Unfortunately, the movie escaped first-time director but veteran screenwriter Simon Kinberg’s grasp at some point. The film has issues with tone and editing that made the basic story more confusing and ultimately uninteresting as the characters flail against a movie out of control.

That’s a shame for fans who grew up on the X-Men film franchise, but it’s really par for the course for those who came to know the characters in the comics or the 1990s animated TV show that credibly adapted the Dark Phoenix storyline.

The film series only vaguely captured the essence of the characters that made the X-Men the dominant selling comics series from 1979 through the 1990s. For some comics fans, outside of the initial excitement of having the character adapted to film, the movies have been dreadfully painful over the years with notable exceptions of “Logan” and the two Deadpool films.

Nicholas Hoult in Dark Phoenix / Twentieth Century Fox

The Phoenix Saga is a beloved story to them that writer/co-plotter Chris Claremont, artist/co-plotter John Byrne, and artist Dave Cockrum carefully crafted for years across 36 issues of the Uncanny X-Men series.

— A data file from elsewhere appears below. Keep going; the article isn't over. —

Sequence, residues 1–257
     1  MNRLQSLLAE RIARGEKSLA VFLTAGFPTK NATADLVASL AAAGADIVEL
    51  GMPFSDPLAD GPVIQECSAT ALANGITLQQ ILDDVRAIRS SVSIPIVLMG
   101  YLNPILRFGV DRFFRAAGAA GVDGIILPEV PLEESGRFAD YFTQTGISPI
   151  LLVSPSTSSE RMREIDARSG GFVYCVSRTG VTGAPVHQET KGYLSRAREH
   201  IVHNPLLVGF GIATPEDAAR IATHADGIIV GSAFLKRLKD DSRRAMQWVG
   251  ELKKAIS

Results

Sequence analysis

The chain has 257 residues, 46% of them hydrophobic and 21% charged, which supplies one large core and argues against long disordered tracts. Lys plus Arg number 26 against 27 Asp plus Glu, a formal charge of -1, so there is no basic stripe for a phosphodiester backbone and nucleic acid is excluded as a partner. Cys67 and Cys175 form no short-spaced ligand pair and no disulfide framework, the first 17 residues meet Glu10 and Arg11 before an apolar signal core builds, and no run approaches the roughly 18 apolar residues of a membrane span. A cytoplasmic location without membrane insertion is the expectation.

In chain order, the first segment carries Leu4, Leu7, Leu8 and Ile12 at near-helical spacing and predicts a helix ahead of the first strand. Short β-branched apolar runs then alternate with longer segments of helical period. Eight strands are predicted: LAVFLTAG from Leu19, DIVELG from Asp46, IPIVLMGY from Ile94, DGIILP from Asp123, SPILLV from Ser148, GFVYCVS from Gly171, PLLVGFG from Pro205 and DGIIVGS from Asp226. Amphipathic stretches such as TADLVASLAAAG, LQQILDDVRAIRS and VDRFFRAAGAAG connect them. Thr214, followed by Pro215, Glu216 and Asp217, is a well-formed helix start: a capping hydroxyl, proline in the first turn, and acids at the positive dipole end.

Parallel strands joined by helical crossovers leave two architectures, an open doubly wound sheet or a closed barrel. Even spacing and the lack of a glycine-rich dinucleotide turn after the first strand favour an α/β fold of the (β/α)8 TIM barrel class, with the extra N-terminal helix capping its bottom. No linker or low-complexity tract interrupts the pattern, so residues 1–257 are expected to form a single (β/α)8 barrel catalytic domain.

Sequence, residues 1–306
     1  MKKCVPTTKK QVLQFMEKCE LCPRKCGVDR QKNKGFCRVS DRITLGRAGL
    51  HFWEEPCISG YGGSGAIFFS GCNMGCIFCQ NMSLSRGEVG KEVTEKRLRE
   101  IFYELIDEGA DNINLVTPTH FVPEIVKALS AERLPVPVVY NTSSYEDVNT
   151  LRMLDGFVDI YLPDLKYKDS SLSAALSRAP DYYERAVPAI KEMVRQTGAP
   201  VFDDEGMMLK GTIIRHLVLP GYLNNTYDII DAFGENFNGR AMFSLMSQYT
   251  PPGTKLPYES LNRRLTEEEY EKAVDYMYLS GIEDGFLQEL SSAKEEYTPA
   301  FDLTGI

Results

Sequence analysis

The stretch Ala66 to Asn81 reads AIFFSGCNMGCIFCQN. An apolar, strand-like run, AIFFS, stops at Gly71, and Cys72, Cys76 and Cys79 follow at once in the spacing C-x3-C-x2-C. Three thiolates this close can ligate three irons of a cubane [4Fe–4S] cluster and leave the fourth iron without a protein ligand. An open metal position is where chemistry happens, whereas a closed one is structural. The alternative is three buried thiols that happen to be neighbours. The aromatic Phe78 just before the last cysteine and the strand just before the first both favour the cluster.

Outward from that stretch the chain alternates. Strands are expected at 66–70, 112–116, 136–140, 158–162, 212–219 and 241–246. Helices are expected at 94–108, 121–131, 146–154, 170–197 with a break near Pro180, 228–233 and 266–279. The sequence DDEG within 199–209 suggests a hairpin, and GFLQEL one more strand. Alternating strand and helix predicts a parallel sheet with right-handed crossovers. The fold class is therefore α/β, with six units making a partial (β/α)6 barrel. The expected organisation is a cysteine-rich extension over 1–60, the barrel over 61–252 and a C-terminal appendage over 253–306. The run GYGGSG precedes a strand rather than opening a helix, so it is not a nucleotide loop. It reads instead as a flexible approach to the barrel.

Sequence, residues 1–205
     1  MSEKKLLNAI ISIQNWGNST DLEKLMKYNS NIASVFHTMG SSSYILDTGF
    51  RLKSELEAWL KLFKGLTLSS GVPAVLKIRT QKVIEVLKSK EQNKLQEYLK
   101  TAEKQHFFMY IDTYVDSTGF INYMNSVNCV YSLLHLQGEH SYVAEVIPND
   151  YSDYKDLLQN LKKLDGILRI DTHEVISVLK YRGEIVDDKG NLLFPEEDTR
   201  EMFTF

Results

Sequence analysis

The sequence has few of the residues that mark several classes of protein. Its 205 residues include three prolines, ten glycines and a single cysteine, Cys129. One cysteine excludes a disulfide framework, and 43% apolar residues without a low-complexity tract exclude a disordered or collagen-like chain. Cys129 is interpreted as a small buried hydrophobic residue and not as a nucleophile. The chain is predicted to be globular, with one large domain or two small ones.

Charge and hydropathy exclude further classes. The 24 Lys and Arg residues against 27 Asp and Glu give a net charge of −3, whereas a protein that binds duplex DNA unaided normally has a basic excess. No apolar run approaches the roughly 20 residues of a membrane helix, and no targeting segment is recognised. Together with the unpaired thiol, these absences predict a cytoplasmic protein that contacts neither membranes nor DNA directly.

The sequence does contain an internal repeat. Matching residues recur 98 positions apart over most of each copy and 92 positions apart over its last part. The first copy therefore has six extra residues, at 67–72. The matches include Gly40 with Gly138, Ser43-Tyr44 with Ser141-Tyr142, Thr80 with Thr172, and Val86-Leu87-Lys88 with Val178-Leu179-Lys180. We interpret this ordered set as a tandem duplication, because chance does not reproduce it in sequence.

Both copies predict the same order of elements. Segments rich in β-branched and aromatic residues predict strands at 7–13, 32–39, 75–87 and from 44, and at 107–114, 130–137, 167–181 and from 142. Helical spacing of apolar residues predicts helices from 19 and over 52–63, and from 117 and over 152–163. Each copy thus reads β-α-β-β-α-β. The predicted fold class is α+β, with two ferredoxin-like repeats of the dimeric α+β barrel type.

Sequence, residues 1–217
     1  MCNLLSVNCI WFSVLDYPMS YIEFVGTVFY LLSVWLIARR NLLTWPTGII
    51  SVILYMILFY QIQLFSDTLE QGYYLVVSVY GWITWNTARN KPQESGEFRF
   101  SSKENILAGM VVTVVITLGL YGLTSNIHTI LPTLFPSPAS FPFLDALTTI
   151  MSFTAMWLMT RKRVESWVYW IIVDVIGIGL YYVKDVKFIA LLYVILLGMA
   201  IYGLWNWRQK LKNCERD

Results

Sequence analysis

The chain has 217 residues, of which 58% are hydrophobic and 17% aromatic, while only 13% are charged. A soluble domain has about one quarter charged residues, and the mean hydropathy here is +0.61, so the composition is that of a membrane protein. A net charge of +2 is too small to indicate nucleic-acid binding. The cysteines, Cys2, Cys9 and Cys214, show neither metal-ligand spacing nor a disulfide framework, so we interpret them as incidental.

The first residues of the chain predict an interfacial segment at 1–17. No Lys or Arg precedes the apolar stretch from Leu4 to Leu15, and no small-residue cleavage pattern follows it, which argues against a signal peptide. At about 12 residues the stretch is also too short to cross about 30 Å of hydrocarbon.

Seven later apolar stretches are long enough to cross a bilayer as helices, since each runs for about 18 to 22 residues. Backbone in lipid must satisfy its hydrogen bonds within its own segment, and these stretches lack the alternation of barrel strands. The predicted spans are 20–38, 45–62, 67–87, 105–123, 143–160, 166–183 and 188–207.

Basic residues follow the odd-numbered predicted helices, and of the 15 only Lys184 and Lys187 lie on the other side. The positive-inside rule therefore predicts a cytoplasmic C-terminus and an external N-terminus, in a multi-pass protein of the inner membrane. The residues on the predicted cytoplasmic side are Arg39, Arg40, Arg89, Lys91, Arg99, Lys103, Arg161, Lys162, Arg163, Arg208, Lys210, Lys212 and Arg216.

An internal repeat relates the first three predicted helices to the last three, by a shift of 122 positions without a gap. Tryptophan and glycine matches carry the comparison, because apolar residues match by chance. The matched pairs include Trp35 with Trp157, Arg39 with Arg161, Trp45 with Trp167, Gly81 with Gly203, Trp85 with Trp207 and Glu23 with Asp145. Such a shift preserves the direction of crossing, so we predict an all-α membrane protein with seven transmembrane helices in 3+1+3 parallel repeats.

It would be foolish to believe any writer/director could match their effort beat for beat in a single film. However, Kinberg’s movie fails to even capture the essence of the heart and tragedy found in those now musty old comics.

The good news, though, is that the X-Men are valuable intellectual property, and now that Disney owns the rights to the characters, sooner or later Marvel Studios will begin to integrate the X-Men into its connected super-hero universe.

Without doubt, Phoenix and the rest of her mutant pals are destined to arise from the ashes of this uneventful closing chapter to Fox’s X-Men franchise.